23.  Transcription Factor FnrP from Paracoccus denitrificans Contains an Iron-Sulfur Cluster and Is Activated by Anoxia: Identification of Essential Cysteine Residues 
Journal of Bacteriology  2002;184(2):503-508.
The Paracoccus denitrificans transcription factor FnrP has been characterized using artificial FNR-dependent promoter-lacZ fusion plasmids in Escherichia coli. FnrP can activate both class I and class II FNR-dependent promoters in response to anoxia but shows a marked preference for the class II promoter, where the FNR binding site is centered at −41.5 with respect to the transcription start site. FnrP was found to be inactive in an iscS mutant in vivo, demonstrating a requirement for cysteine desulfurase activity to assemble an iron-sulfur cluster in FnrP. Accordingly, an iron-sulfur cluster could be reconstituted into the purified protein in vitro using cysteine desulfurase, ferrous ions, and cysteine. Thus, FnrP is a true orthologue of FNR from E. coli and switches on target genes in response to anoxia. Inactivation of FnrP by oxygen very likely involves the oxidative disassembly of an iron-sulfur cluster. Possible ligands for the iron-sulfur cluster were identified by substituting each of the seven cysteine residues with serine and characterizing the altered proteins in vivo. Four substituted proteins showed activities less than 5% of the wild type, and so identify the four cysteines (Cys-14, Cys-17, Cys-25, and Cys-113) that are most likely to be involved in cluster ligation. The effects of N-oxides, NO-releasing compounds and a nitrosating agent on FNR and FnrP activity were investigated in vivo using the reporter system. Both proteins are very sensitive to the inclusion of sodium nitroprusside (a source of NO+) in defined growth media but are only moderately sensitive to those sources of NO that were tested.
doi:10.1128/JB.184.2.503-508.2002
PMCID: PMC139558  PMID: 11751828
24.  Regulatory Roles for IscA and SufA in Iron Homeostasis and Redox Stress Responses in the Cyanobacterium Synechococcus sp. Strain PCC 7002†  
Journal of Bacteriology  2006;188(9):3182-3191.
SufA, IscA, and Nfu have been proposed to function as scaffolds in the assembly of Fe/S clusters in bacteria. To investigate the roles of these proteins further, single and double null-mutant strains of Synechococcus sp. strain PCC 7002 were constructed by insertional inactivation of genes homologous to sufA, iscA, and nfu. Demonstrating the nonessential nature of their products, the sufA, iscA, and sufA iscA mutants grew photoautotrophically with doubling times that were similar to the wild type under standard growth conditions. In contrast, attempts to inactivate the nfu gene only resulted in stable merodiploids. These results imply that Nfu, but not SufA or IscA, is the essential Fe/S scaffold protein in cyanobacteria. When cells were grown under iron-limiting conditions, the iscA and sufA mutant strains exhibited less chlorosis than the wild type. Under iron-sufficient growth conditions, isiA transcript levels, a marker for iron limitation in cyanobacteria, as well as transcript levels of genes in both the suf and isc regulons were significantly higher in the iscA mutant than in the wild type. Under photosynthesis-induced redox stress conditions, the transcript levels of the suf genes are notably higher in the sufA and the sufA iscA mutants than in the wild type. The growth phenotypes and mRNA abundance patterns of the mutant strains contradict the proposed scaffold function for the SufA and IscA proteins in generalized Fe/S cluster assembly and instead suggest that they play regulatory roles in iron homeostasis and the sensing of redox stress in cyanobacteria.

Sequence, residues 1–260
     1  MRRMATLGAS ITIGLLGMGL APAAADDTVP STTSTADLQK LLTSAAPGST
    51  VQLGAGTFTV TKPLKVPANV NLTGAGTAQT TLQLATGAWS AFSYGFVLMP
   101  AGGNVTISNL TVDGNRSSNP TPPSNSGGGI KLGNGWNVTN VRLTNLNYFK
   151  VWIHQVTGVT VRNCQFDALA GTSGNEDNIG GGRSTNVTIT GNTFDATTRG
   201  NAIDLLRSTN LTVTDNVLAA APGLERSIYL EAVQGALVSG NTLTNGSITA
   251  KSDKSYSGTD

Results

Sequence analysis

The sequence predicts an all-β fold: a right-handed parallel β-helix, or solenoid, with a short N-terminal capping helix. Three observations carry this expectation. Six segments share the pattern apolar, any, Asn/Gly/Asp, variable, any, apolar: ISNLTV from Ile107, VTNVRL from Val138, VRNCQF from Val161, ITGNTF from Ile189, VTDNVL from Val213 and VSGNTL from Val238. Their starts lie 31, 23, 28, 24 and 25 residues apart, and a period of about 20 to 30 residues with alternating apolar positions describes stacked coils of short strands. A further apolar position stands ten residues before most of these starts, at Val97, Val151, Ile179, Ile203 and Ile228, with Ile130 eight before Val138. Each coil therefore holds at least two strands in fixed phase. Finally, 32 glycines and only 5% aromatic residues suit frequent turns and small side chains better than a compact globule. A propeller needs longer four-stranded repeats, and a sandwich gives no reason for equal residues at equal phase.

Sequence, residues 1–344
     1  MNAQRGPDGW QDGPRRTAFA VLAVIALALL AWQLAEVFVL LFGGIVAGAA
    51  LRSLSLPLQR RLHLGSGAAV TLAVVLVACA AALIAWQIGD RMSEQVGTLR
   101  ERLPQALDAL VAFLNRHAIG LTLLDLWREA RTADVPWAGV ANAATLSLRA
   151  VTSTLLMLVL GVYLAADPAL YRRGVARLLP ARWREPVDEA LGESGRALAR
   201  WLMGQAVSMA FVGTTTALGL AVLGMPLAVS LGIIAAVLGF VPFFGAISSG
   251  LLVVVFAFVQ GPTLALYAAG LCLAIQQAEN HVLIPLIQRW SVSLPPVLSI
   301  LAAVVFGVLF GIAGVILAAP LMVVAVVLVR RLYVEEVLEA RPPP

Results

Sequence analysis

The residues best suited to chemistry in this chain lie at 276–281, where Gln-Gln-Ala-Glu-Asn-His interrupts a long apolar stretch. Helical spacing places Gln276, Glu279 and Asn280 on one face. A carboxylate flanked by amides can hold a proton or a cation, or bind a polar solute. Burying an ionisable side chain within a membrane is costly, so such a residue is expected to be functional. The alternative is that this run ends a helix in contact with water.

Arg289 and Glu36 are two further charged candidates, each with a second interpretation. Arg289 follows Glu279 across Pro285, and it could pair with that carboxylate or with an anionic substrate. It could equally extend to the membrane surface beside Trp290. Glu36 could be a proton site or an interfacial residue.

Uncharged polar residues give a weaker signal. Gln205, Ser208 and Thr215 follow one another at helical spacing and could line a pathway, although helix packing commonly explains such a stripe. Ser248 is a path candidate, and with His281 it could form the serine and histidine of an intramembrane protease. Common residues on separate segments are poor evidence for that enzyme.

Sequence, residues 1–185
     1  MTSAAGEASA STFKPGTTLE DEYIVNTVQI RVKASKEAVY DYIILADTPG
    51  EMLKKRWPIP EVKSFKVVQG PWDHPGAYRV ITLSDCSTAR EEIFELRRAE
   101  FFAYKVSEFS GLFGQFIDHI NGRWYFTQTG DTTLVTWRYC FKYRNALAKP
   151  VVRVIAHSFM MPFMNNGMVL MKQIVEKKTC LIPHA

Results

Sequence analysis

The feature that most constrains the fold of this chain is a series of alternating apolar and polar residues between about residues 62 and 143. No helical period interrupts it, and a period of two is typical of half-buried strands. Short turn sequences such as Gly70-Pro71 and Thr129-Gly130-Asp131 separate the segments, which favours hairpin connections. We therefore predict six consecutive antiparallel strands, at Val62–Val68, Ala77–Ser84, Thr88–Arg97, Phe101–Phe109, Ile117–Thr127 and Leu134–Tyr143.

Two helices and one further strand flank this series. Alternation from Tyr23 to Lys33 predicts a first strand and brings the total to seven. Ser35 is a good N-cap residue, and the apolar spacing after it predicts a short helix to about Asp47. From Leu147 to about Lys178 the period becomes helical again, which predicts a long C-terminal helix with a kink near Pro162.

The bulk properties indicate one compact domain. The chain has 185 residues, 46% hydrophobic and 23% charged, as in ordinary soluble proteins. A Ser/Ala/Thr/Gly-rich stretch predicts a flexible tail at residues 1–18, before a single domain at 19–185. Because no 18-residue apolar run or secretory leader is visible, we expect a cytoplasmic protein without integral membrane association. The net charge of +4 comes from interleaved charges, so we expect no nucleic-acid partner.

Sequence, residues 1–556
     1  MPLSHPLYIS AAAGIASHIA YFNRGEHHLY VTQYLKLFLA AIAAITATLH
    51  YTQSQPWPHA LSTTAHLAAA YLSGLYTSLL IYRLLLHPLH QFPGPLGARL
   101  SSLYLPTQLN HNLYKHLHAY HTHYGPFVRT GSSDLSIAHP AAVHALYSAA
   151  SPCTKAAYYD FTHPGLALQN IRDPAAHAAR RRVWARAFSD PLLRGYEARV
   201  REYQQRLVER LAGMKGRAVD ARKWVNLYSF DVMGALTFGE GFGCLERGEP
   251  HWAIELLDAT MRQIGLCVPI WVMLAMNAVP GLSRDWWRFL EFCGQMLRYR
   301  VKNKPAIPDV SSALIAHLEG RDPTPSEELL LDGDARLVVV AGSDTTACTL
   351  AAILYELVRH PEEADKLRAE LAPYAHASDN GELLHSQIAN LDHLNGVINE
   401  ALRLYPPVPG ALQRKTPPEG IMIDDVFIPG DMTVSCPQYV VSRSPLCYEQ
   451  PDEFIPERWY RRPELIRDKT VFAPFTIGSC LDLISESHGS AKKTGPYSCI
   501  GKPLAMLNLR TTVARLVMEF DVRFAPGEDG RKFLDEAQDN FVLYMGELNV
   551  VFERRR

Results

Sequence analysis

doi:10.1128/JB.188.9.3182-3191.2006
PMCID: PMC1447454  PMID: 16621810
25.  A-Type Carrier Protein ErpA Is Essential for Formation of an Active Formate-Nitrate Respiratory Pathway in Escherichia coli K-12 
Journal of Bacteriology  2012;194(2):346-353.
A-type carrier (ATC) proteins of the Isc (iron-sulfur cluster) and Suf (sulfur mobilization) iron-sulfur ([Fe-S]) cluster biogenesis pathways are proposed to traffic preformed [Fe-S] clusters to apoprotein targets. In this study, we analyzed the roles of the ATC proteins ErpA, IscA, and SufA in the maturation of the nitrate-inducible, multisubunit anaerobic respiratory enzymes formate dehydrogenase N (Fdh-N) and nitrate reductase (Nar). Mutants lacking SufA had enhanced activities of both enzymes. While both Fdh-N and Nar activities were strongly reduced in an iscA mutant, both enzymes were inactive in an erpA mutant and in a mutant unable to synthesize the [Fe-S] cluster scaffold protein IscU. It could be shown for both Fdh-N and Nar that loss of enzyme activity correlated with absence of the [Fe-S] cluster-containing small subunit. Moreover, a slowly migrating form of the catalytic subunit FdnG of Fdh-N was observed, consistent with impeded twin arginine translocation (TAT)-dependent transport. The highly related Fdh-O enzyme was also inactive in the erpA mutant. Although the Nar enzyme has its catalytic subunit NarG localized in the cytoplasm, it also exhibited aberrant migration in an erpA iscA mutant, suggesting that these modular enzymes lack catalytic integrity due to impaired cofactor biosynthesis. Cross-complementation experiments demonstrated that multicopy IscA could partially compensate for lack of ErpA with respect to Fdh-N activity but not Nar activity. These findings suggest that ErpA and IscA have overlapping roles in assembly of these anaerobic respiratory enzymes but demonstrate that ErpA is essential for the production of active enzymes.
doi:10.1128/JB.06024-11
PMCID: PMC3256641  PMID: 22081393